Why Process Optimisation?
The chemical industry is fiercely competitive and is constantly trying to significantly improve existing process technologies or develop new technology to satisfy the growing demand. It is essential that the processes are operated to meet key production objectives, such as process safety, environmental regulations, and product specifications.
These key production objectives must be satisfied even when the process is subjected to disturbances during operation. Process operation must ensure proper management of process variability and this task is accomplished by a (well-designed) automatic process control system, with a proper set of parameters.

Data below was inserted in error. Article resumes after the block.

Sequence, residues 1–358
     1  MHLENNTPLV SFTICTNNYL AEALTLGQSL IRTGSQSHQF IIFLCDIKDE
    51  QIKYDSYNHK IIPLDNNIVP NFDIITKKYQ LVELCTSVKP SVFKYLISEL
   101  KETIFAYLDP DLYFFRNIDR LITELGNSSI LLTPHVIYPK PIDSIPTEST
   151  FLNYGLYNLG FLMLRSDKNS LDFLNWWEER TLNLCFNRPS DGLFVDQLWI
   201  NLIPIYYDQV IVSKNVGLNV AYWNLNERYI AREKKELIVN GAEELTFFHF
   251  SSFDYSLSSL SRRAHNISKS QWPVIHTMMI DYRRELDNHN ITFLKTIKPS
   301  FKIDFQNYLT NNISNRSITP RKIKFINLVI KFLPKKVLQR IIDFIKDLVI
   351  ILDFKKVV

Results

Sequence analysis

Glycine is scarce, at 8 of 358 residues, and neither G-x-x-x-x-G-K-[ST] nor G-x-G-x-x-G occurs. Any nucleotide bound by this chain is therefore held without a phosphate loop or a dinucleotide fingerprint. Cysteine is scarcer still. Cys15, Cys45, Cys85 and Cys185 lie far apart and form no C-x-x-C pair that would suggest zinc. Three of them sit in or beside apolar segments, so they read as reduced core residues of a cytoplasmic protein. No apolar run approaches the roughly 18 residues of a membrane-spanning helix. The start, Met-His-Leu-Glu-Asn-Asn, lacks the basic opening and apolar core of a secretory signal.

A chemical plant may have thousands of measurements and control loops. Although the Proportional-Integral-Derivative (PID) controller has only three parameters, it can be quite difficult to find good values (settings), without a systematic approach.
Finding poorly tuned controllers in process plants is in fact quite common!
A visit to a process plant will likely show the following shape of the control system:
- 85% of controllers perform inefficiently when operated in automatic mode
- 65% of the controllers are poorly tuned, masking control related problems
- 30% of PID control loops are operated in manual mode
- 20% of control systems are not properly configured to meet their objectives.